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A drive on the roads in Mexico is an experience that's not easily forgotten. No enforced speed limits, bumpy roads, corrupt cops. So it's not really surprising that many drivers there look for divine intervention. Every weekend in the town of Chalma, drivers bring hundreds of cars to be blessed by a priest at a Catholic cathedral.

NPR's Lourdes Garcia-Navarro reports.

LOURDES GARCIA-NAVARRO: The priest is coming, they say to each other, standing in the hot sun on a small narrow street packed tight. Whole families crowd around the flower festooned hoods of shiny new cars, beaten up clunkers and even motorcycles.

Mr. JOSE SERGOVIA(ph): (Speaking Foreign Language)

GARCIA-NAVARRO: Jose Sergovia makes an unlikely pilgrim. He looks large and menacing, dressed in black leather chaps with black sunglasses. Around him are the crew he rides with. He gestures proudly to his new Honda Shadow motorcycle.

Mr. SERGOVIA: (Through Translator) This is part of our culture. Our parents have inculcated Catholicism in us. We believe in the Lord and we are asking him to give us a hand when we are on the road in these machines.

Mr. PACO JAVIER CHAVAS(ph): (Speaking Foreign Language)

GARCIA-NAVARRO: Paco Javier Chavas is a member of the Augustine Order. Wearing a black cassock, his face shiny with sweat, he uses a dipper to splash holy water onto the cars and even the keys. Some give a few dollars as a donation to the church.

Mr. CHAVAS: (Through Translator) They come here to ask for protection and some return year after year. This is a longstanding tradition in Chalma. The use of water is important because it is something we carry in our veins. It comes from our ancestors in the pre-Columbian age. For the indigenous peoples here, water had value.

GARCIA-NAVARRO: Chalma is the second most visited pilgrimage site after the shrine dedicated to Mexico's patron saint, La Virgin de Guadalupe. Its roots are pre-Hispanic. It was a holy place to the locals, who are believed to have made blood sacrifices at a sacred cave.

The Augustines came in the early 1500s and placed a church in its stead. All across Latin America, Catholicism has shown a genius for incorporating local traditions into their faith. Father Gabriel says that continues today.

Father GABRIEL: (Through Translator) This is the popular side of the faith. One has to distinguish between this and official religion. In some manner, they make up their own rites. This is an important rite for them. If we take it away from them, they will see it as taking away their protection.

GARCIA-NAVARRO: Many of the people who are here to bless their cars come from Mexico City, about a two hour drive away. Father Gabriel says it also helps them define themselves, this collective act of worship.

Father ARIYA: (Through Translator) The pilgrims that come from the city have in a certain way lost their identity. Many are people who have immigrated from their villages. When they get to the city, they are completely unknown. In their pueblos, they are Don Pancho, Don Julio, Doña Maria. In the cities, they are Don Nobody.

GARCIA-NAVARRO: But of course, there is a practical reason why people come here. Driving in Mexico is scary and no place provides more challenges to those behind the wheel than the capital.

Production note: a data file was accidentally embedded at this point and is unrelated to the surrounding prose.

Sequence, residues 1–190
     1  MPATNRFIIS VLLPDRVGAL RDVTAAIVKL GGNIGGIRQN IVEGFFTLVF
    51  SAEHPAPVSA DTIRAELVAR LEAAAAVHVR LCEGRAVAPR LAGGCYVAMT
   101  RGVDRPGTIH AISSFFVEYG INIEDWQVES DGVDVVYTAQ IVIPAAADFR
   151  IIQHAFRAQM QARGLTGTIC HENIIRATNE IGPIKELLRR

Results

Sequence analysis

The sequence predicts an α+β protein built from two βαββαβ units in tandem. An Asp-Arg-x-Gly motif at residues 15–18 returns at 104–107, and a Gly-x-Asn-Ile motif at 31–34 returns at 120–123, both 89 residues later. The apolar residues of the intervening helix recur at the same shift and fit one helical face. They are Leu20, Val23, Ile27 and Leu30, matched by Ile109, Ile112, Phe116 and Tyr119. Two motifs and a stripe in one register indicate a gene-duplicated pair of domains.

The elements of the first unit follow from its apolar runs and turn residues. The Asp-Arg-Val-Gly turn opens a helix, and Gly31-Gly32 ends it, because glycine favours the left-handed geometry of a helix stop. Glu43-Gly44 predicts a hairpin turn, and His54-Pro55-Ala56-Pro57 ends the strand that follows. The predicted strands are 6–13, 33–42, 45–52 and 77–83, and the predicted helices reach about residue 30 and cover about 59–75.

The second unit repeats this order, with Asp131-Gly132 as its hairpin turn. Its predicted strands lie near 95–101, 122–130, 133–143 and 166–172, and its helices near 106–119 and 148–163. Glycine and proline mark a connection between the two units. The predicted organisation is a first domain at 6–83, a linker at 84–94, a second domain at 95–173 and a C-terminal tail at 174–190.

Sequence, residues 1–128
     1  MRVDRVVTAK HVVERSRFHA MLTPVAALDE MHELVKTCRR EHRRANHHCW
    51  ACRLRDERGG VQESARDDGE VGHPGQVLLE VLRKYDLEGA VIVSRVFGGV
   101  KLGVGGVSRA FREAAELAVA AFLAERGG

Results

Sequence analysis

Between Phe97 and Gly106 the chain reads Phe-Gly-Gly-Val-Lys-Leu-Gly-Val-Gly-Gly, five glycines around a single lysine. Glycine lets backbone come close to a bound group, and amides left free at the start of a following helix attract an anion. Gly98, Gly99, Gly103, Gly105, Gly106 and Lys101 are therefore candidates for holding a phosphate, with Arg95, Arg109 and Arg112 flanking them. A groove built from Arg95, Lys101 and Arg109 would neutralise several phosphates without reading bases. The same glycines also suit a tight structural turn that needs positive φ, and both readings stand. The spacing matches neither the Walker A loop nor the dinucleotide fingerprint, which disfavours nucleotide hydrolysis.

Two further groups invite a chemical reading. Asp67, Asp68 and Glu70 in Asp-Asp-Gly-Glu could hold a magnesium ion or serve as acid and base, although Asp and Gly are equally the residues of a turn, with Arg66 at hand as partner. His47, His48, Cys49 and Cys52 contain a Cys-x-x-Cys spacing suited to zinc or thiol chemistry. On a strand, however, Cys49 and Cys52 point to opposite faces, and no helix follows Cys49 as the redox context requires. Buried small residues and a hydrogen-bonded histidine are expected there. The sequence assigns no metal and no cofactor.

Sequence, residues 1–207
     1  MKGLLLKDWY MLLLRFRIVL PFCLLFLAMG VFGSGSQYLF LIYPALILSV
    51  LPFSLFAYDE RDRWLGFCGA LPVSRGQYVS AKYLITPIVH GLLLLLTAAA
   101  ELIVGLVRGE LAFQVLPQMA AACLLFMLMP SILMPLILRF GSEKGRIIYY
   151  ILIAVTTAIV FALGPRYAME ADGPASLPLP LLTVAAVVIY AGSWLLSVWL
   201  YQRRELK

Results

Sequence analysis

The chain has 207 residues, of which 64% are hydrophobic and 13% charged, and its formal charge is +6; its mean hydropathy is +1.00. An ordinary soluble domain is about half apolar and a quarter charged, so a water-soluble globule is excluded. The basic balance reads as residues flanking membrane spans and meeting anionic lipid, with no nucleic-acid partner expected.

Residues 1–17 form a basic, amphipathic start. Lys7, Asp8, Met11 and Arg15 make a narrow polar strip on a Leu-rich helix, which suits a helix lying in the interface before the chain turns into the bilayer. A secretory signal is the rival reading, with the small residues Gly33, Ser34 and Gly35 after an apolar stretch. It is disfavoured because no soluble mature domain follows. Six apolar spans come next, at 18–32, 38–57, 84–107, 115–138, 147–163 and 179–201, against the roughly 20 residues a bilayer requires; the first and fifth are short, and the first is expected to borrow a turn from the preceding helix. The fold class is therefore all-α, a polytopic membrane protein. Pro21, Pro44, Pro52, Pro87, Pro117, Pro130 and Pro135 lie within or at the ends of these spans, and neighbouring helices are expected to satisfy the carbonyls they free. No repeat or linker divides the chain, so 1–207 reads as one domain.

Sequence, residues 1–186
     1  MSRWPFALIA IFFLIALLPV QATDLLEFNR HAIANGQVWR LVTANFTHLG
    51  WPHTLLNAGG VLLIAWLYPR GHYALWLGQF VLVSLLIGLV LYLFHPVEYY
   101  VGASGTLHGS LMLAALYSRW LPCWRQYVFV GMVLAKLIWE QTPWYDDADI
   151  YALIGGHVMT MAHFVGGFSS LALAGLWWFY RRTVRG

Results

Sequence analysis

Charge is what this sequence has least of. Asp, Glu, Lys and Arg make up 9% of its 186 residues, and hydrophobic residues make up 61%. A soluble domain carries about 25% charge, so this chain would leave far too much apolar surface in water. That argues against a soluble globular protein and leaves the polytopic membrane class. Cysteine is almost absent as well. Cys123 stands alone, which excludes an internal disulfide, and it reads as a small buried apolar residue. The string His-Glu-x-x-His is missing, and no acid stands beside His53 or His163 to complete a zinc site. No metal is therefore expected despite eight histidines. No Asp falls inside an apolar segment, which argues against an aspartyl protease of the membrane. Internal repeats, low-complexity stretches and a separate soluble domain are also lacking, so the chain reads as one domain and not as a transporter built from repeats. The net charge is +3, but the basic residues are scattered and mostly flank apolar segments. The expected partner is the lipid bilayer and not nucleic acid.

(Soundbite of traffic)

GARCIA-NAVARRO: So I'm now in Mexico City. We have jumped into the car with Marco Antonio Alanis(ph), who is a driving instructor, and 43-year-old Rosa Riyego(ph) who is now for the first time finding out what it means to drive in the Mexican capital.

(Soundbite of car starting)

Mr. MARCO ANTONIO ALANIS: (Speaking foreign language)

GARCIA-NAVARRO: Alanis is jocular, trying to put his student at ease. He truly confesses that he's been driving since he was nine years old. No one in the car is wearing a seatbelt.

Mr. ALANIS: (Through Translator) There is a saying here, if you can drive in Mexico, you can drive anywhere in the world. Because here you'll find everything. We hurl our cars at each other, people jump in front of us when we are speeding along. We have to drive with our five senses alert.

GARCIA-NAVARRO: In the car with us also is NPR producer Luisa Ortiz, who's Mexican. She said this lesson would have until recently been the exception. Most people never really learned how to drive here. She got a driver's license through a friend of her grandfather's.

LUISA ORTIZ: He gave for my birthday as a present my license. And I did not know how to drive there and then.

GARCIA-NAVARRO: What do you mean he gave it to you as a present?

ORTIZ: I didn't even have to go to the transportation office or anything. He just appeared with an envelope at home with my picture and I was very happy. There's no regulation. There's no - there's none. You don't have to go through a medical exam. I mean, they don't care if you can't see, which is a problem.

GARCIA-NAVARRO: Not surprisingly, the driving teacher Marco Antonio Alanis says he teaches defensive driving. Back in Chalma, the afternoon blessing session is winding up.

So the priest is coming down towards us amid the crush of cars. He's got his holy water out and he is blessing all the other vehicles around this. And well, we decided to have our car blessed, too, because, well, we have to drive back to Mexico City.

Father GABRIEL: (Speaking foreign language)

GARCIA-NAVARRO: Lourdes Garcia-Navarro, NPR News, Chalma, Mexico.

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